Parliament’s role in fighting corruption too weak: corruption observatory

Amira El-Fekki
1 Min Read

The Partners for Transparency NGO (PFT) said in its monthly report, monitoring corruption incidents in public institutions, issued Monday that the parliament concluded its second year without serious anti-corruption legislations which should enable and empower the role of bodies fighting corruption.

Among these bodies is the Administrative Prosecution, which the report declared to have been working “only upon political support from the presidency but amid a lack of legal tools to improve.”

PFT further assessed the role of the parliament in monitoring corruption “weak” in its second year, in comparison to the first year when it exposed an important wheat corruption case which resulted in the resignation of the former supply minister.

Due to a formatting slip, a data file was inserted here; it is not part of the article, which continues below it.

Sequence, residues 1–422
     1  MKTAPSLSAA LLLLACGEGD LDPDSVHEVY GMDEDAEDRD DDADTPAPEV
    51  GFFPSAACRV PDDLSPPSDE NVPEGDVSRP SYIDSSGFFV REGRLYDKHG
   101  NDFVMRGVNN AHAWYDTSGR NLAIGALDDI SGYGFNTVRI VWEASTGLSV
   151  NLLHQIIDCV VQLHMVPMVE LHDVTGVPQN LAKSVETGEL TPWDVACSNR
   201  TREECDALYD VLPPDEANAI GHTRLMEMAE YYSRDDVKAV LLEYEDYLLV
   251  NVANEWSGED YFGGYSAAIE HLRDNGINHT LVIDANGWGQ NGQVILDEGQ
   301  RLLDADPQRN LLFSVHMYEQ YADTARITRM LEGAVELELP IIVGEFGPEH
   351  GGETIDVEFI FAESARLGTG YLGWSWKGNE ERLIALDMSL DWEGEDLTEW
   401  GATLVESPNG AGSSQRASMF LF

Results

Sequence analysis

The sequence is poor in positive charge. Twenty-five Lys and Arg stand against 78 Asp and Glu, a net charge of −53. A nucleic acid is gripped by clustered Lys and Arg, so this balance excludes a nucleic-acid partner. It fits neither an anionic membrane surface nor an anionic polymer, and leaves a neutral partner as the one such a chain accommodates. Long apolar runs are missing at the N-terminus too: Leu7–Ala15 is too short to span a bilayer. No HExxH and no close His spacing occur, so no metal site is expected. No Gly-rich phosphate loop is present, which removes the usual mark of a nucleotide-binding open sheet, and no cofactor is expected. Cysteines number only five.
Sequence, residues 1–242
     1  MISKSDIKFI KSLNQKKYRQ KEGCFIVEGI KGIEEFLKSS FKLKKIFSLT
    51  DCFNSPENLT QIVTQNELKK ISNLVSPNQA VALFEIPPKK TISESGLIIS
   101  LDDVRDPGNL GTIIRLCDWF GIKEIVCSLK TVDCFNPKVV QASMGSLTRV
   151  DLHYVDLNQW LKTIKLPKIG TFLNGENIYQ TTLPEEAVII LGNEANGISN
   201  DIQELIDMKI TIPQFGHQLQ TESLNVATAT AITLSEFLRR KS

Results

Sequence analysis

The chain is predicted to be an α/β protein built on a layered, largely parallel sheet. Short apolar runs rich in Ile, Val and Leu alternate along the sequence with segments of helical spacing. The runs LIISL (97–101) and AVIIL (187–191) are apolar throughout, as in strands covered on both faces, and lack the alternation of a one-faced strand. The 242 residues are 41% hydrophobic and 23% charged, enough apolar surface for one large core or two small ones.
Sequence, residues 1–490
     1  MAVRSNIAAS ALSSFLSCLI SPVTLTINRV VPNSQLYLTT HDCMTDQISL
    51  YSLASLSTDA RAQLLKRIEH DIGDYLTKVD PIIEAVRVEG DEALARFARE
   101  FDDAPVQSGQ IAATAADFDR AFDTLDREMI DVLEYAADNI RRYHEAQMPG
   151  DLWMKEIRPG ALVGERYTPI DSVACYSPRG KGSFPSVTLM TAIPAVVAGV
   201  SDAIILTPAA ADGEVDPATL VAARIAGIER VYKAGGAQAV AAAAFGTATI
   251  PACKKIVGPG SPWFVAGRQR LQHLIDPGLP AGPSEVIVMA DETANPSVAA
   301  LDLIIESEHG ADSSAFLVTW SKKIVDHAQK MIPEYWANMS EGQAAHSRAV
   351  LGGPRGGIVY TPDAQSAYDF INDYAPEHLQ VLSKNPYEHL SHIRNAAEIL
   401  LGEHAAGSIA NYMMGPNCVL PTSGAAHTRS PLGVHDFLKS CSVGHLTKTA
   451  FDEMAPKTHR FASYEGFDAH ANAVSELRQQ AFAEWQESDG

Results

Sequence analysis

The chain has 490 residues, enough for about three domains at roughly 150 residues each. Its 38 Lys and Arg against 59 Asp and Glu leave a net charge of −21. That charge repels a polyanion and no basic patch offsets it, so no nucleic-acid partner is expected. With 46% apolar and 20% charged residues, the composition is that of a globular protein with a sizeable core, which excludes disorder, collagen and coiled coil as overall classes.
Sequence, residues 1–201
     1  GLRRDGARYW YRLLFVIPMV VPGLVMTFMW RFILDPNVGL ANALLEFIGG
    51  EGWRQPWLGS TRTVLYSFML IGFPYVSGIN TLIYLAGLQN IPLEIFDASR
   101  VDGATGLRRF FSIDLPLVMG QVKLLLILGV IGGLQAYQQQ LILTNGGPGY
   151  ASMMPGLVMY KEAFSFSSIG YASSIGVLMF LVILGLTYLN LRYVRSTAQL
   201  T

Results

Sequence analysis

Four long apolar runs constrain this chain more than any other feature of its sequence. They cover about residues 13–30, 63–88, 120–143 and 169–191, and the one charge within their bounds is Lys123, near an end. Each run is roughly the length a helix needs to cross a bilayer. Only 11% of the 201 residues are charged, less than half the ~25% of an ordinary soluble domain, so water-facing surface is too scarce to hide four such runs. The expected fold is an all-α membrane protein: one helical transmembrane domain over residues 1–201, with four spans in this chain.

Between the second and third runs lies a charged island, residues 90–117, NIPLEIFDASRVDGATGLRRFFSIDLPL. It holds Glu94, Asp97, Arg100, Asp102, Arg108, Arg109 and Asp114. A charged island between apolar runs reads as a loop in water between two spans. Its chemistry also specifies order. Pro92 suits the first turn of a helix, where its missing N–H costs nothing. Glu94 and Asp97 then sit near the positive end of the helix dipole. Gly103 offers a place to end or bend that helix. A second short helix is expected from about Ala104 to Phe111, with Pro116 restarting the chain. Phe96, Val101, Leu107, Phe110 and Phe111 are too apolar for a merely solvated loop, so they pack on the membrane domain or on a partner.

But according to the report, this lack of serious action doesn’t mean that MPs tried to tackle corruption issues through draft law proposals and requests of clarification to the prime minister and other ministers regarding specific incidents where they suspected corruption.

This comes as the report’s count for reported corruption incidents reached 56, with 14 at the Supply Ministry, followed by nine, seven, and five incidents for the ministries of health, local development, and education, respectively. The majority of incidents were reported in Cairo.

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Journalist in DNE's politics section, focusing on human rights, laws and legislations, press freedom, among other local political issues.
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